Session affinity - when you need to pin sessions to servers. This is another place where metric-based load balancing (connections, sessions, CPU, whatever) may apply. This is important to restore equilibrium in the event of system failures.

When evaluating load balancing and fail-over strategies, you must consider various scenarios including specifics of applications, user patterns, and abnormalities.

Application isolation and resource utilization. Do you stripe apps across servers? Do you combine same apps on multiple containers on same systems? If you had unlimited hardware and good management tools, it's better to keep applications isolated from each other. However, this isn't usually practical. Resource utilization will be best if you stripe apps across all servers.

System and application management (e.g., application updates or configuration changes) affects the availability of the system. "Daily Planet" requirements: need for dynamic updates to the apps without downtime and with minimal administration (could be changes to individual pages, smaller changes to already deployed apps). Need for controlled, larger changes without downtime.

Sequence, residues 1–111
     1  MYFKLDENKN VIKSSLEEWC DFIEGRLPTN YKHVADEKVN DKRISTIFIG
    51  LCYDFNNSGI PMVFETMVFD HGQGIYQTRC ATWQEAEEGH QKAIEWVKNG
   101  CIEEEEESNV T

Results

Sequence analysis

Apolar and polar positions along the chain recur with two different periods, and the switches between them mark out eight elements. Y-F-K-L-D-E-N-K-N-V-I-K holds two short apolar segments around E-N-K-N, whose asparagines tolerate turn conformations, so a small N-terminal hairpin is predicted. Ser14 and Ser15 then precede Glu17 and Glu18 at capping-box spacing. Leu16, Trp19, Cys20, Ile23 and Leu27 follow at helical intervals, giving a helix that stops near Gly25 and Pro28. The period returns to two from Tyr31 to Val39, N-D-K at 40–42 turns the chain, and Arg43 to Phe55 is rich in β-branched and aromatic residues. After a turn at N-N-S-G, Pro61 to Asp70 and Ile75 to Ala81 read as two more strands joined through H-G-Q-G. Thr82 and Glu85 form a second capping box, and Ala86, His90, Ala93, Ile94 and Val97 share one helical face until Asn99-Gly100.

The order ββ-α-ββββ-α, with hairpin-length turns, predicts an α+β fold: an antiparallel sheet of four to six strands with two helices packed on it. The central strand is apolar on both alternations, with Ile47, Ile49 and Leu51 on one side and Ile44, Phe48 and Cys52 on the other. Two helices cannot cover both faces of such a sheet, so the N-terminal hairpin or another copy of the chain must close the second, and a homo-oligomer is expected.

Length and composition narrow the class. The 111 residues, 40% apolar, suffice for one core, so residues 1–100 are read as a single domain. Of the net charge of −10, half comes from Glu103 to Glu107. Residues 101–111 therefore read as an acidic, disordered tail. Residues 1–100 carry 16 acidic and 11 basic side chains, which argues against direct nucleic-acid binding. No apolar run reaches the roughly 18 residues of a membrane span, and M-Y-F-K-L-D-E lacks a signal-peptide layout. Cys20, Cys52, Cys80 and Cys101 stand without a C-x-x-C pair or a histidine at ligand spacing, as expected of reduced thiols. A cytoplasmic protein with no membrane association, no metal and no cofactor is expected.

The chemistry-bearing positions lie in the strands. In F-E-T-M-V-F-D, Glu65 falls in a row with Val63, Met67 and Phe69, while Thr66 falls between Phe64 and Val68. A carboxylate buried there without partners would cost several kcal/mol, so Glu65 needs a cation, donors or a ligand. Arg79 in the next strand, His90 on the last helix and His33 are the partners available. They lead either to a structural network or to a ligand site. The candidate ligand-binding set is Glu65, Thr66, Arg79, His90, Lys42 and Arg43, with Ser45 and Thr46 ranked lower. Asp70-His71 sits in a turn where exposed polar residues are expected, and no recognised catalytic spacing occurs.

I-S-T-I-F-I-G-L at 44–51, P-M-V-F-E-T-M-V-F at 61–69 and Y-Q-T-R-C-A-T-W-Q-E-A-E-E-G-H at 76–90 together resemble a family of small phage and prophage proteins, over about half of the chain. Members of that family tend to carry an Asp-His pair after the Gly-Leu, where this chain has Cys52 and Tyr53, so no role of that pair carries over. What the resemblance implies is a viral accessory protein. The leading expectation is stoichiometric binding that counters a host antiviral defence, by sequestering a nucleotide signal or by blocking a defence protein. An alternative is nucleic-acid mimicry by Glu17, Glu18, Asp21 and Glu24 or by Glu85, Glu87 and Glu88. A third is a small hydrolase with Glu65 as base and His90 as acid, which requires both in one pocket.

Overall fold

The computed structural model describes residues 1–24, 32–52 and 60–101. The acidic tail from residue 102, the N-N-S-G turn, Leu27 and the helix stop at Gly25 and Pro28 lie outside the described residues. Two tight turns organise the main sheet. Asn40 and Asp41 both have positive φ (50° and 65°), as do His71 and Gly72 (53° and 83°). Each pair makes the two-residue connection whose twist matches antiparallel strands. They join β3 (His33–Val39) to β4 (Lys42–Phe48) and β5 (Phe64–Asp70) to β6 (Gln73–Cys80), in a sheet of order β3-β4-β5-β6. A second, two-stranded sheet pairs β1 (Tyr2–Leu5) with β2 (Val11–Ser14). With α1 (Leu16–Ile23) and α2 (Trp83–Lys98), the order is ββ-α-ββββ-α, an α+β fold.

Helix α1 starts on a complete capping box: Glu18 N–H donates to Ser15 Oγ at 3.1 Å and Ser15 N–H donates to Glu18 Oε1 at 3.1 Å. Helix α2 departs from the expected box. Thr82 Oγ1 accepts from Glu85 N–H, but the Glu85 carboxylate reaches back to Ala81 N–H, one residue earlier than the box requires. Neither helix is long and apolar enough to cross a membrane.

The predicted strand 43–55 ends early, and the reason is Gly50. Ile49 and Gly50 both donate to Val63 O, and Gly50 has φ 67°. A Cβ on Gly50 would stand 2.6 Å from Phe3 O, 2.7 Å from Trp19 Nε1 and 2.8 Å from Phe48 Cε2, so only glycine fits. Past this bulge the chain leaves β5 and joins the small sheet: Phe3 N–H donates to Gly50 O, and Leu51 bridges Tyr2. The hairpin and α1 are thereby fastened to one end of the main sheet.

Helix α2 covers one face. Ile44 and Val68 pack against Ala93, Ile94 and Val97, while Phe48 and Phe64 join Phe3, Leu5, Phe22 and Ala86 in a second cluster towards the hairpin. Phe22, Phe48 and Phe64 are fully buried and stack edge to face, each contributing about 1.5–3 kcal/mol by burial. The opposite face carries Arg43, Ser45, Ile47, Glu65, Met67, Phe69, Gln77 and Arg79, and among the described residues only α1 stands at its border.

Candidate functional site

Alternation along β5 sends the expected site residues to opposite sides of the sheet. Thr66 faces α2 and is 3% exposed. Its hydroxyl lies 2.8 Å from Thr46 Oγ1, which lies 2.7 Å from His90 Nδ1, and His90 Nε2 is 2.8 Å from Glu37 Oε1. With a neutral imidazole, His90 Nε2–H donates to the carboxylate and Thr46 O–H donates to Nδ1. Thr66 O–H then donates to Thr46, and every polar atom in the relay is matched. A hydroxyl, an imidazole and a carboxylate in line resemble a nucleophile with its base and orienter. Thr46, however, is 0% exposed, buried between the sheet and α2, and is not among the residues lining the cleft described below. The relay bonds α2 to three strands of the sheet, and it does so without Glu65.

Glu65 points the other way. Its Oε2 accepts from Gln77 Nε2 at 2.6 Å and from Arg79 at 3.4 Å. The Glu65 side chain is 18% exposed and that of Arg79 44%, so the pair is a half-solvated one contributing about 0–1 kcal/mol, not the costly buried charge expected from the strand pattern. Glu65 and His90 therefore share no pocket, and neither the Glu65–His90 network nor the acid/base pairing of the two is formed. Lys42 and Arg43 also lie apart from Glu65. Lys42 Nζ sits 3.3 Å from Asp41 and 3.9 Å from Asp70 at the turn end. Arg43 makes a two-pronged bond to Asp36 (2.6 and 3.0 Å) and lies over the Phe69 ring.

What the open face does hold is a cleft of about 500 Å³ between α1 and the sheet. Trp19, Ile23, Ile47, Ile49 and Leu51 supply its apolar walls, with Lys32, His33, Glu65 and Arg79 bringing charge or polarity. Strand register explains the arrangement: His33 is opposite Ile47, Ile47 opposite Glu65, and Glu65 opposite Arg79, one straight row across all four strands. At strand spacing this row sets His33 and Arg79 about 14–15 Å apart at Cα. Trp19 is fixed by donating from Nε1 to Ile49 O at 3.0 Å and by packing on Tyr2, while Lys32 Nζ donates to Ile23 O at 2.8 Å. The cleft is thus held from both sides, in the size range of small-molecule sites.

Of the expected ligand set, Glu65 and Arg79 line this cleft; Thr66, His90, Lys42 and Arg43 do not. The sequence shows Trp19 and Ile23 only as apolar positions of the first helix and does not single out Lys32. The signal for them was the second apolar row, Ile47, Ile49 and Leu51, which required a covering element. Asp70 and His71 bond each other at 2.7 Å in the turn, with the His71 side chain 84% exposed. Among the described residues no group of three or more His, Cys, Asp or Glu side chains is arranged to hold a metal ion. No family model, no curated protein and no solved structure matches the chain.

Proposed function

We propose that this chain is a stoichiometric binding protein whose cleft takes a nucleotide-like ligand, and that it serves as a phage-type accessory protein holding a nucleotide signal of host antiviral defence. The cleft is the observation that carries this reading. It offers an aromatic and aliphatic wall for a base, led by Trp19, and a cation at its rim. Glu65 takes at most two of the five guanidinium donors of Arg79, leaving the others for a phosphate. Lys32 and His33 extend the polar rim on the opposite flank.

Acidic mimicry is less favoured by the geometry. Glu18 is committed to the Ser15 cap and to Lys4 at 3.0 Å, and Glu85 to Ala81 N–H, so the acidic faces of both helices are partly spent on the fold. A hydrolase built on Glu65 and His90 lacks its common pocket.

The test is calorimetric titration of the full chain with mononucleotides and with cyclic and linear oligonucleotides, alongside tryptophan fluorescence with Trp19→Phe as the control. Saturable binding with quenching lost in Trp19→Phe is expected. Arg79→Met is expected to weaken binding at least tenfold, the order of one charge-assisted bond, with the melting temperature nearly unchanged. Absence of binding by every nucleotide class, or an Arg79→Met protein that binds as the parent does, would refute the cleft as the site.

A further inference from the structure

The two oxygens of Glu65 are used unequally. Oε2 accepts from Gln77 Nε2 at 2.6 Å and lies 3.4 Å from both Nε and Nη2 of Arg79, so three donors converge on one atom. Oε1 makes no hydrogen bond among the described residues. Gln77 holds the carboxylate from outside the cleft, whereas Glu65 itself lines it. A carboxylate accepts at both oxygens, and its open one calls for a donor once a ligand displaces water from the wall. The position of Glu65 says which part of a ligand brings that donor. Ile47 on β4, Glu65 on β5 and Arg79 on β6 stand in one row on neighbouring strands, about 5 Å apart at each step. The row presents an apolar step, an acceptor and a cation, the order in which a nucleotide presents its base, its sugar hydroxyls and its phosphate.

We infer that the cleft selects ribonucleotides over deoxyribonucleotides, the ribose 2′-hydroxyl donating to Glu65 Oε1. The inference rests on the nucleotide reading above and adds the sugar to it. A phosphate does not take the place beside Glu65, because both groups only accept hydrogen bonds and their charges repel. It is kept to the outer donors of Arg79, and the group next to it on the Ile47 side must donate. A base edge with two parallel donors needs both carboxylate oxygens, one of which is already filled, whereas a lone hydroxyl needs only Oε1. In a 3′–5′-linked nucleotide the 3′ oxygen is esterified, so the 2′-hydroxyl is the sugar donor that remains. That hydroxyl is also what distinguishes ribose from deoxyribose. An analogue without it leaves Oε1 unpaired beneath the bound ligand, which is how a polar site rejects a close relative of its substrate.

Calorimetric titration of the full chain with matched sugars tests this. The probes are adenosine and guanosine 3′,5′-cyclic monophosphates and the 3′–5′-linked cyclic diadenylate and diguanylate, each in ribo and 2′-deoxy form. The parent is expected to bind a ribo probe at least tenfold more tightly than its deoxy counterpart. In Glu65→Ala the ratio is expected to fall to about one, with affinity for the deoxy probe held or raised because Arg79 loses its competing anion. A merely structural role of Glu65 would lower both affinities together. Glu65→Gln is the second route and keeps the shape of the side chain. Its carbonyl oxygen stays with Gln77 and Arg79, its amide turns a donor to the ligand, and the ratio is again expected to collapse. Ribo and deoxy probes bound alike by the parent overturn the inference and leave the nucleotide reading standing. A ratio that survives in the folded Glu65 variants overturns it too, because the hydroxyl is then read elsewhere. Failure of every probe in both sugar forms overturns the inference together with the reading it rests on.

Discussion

Dynamic application updates - servers all read their apps from a single NFS directory. Configuration files may be needed locally on each server. To make config updates - change on one server and propagate to others, then manually or automatically restart servers in sequence.

Summary: More small servers scale better and give more reliability / flexibility, but attention must be paid to system & app management. Architecture, "funnel effect", load balancing, and fail-over. Choke control at web services layer. Careful attention to back-end resources. Careful implementation of functionality for load balancing, fail-over scenarios, startup, and restart. Avoid or limit session affinity if possible. System and application management - understand requirements and procedures, understand need for scalability and availability.

3 comments:

andrew cooke said...

seems like we went to the same presentations (along with a thousand others).

found your page trying to google for more specific information on routing. wondered if you knew - or at least whether you could point me to a more exact idea of what i'm asking.

before javaone we were going to use jms with activemq servers all over teh damn place so that we could get p2p asynchronous messaging without going through a central server, when such communication was appropriate.

my question, then, is wheter we get that for free with esbs. or whether it's a stupid optimisation and shows that we're doing something wrong (like don't have well enough separated services, or are using messaging at two low a level).

andrew cooke said...

oh, my email is acooke@noao.edu, though i'll try to check back here. just on the off chance...

andrew cooke said...

forgive stupid errors too!